Simply put, the more effectively you report an error, the more likely a Data Manager will actually fix it.
These guidelines are a general tutorial to teach novice and intermediate error reporters how to compose effective error reports. Not every sentence may precisely apply to your report or project.
Reading this report will involve much more time than it will to report most errors. Most error reports can be completed in just a few minutes while complicated reports may take just a few minutes more. Identifying an error in a dataset or analysis program is the hardest part. Reporting the error is simple and provides invaluable information to Data Managers and System Developers. The value to you is that, in time, data and data product systems will just keep getting better and better.
Useful error reports are ones that get errors fixed. A useful error report normally has two qualities:
Reproducible. If a Data Manager can't see the error herself to prove that it is valid, she'll probably stamp your error report "WORKSFORME" or "INVALID" and move on to the next error. Every detail you can provide helps.
Specific. The quicker the Data Manager can isolate the error to a specific area, the more likely she'll expediently fix it. (If the an error is difficult to understand or decipher they may spend more time cursing the submitter than solving the problem.)
Let's say the Data-Product of a particular Source System you're testing provided erroneous results and you decide to write up an error report:
BAD: "This product didn't work right. I think I was on www.foo.com. I play golf with Tom Karl, so you better fix this problem, or I'll report the error to him. By the way, this isn't the first time I've seen errors in your products. Thx 4 UR help."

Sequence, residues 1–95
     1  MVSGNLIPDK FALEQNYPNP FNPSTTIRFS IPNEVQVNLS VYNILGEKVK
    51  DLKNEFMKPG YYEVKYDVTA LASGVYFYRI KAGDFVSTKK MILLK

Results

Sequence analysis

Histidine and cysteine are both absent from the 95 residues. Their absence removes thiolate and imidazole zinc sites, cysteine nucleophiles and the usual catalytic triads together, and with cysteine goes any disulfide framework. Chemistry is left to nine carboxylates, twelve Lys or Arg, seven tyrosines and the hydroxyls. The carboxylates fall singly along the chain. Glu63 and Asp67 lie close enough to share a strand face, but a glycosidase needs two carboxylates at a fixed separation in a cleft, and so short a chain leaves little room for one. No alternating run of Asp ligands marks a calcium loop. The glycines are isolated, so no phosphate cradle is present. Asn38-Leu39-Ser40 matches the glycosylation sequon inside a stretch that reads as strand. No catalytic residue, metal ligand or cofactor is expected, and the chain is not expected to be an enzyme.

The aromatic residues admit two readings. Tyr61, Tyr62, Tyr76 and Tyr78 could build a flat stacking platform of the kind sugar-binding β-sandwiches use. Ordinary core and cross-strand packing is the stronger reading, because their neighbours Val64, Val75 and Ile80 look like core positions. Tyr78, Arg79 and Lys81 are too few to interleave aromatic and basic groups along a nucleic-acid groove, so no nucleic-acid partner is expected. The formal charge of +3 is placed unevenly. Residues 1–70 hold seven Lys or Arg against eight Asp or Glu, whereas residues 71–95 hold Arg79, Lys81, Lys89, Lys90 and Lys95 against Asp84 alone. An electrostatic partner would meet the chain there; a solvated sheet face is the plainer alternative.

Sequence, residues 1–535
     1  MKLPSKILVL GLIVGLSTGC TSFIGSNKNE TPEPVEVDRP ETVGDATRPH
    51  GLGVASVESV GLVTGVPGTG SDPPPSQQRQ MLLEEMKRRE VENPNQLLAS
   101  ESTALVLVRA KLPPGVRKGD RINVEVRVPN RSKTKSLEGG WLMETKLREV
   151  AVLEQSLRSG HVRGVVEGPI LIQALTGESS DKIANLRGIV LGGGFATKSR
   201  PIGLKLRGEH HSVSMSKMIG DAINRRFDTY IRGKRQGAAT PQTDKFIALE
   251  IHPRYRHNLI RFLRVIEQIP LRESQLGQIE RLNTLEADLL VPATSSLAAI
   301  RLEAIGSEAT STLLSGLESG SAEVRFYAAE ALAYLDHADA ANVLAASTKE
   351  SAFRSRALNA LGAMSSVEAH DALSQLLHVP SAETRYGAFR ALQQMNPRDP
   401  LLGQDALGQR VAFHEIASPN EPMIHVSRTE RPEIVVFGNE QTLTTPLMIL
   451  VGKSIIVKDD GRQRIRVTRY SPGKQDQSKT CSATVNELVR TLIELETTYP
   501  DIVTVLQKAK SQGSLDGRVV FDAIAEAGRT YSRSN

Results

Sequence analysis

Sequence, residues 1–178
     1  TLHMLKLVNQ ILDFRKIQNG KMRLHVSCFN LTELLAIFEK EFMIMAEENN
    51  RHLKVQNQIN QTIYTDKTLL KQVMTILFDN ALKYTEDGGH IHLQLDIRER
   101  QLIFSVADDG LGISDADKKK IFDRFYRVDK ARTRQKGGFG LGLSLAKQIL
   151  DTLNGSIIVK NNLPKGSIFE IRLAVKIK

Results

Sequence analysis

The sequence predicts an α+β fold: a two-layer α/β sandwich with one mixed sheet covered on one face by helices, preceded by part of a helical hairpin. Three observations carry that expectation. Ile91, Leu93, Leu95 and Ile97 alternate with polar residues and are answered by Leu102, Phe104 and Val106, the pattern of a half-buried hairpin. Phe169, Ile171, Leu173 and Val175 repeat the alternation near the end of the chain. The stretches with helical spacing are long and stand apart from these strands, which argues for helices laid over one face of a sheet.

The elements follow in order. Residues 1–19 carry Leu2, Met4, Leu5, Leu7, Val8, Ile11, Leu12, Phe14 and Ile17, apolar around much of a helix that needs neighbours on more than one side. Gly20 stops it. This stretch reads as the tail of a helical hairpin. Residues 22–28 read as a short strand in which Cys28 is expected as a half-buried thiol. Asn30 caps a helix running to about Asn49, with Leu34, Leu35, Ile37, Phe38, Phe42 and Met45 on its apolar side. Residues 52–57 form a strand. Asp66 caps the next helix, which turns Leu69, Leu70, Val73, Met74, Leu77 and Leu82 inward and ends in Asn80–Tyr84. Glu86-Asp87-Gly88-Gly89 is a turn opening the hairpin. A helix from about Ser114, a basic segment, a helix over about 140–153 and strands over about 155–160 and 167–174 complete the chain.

GOOD: "I think there is an error in the value for total precipitation of this product. I listed out the values that make up the 'total' and it did not match the calculated total. It looks like the routine that calculates the total precipitation is only summing up the individual reports to the nearest 1/10". I was using a Microsft Explorer web browser on a Windows 2000 computer. I do not think that the error is a browser issue. Other than this single error, the product appears to work quite well.”
Before you enter your error, use Datzilla's search page to determine whether the defect you've discovered is a known, already-reported error. If your error is the 37th duplicate of a known issue, you're more likely to annoy the Data Manager. (Annoyed Data Managers fix fewer errors.)
Next, be sure that the error is reproducible and has not already been reported. Data Managers tend to be most interested in problems that are new and do not want to revisit old problems that have already been fixed.
If you've discovered a new error, report it directly within Datzilla:
From your Datzilla main page, choose "Enter a new error".
Select the Source System and Data-Product that you've found a error in.
Enter your e-mail address, password, and press the "Login" button. (If you don't yet have a password, leave the password field empty, and press the "E-mail me a password" button instead. You'll quickly receive an e-mail message with your password.)
Now, fill out the form. Here's what it all means:
Source System: In which Source System did you find the error? You just specified this on the last page, so you can't edit it here.
Data-Product: In which Data-Product does the error exist? Datzilla requires that you select a Data-Product to enter a error. (Not sure which to choose? Click on the Data-Product link. You'll see a description of each Data-Product, to help you make the best choice.)
Problem Area: In which Problem Area did you find the error? (If applicable)
Browser and OS: On which Browser and Operating System (OS) did you find this error?
The Browser, especially, is an important component of most reports. Data-Products can be produced correctly by the software system, but displayed incorrectly by a Browser.
Severity: How damaging is the error?
This item defaults to 'normal'. If you're not sure what severity yourerror deserves, click on the Severity link. You'll see a description of each severity rating. If you are not sure what severity to report, accept the default value. It may be also changed by the Data Manager.
Assigned To: Which Data Manager should be responsible for fixing this error?
Datzilla will automatically assign the error to a default Data Manager upon submitting an error report. (To see the list of default Data Managers for each Data-Product, click on the Data-Product link.)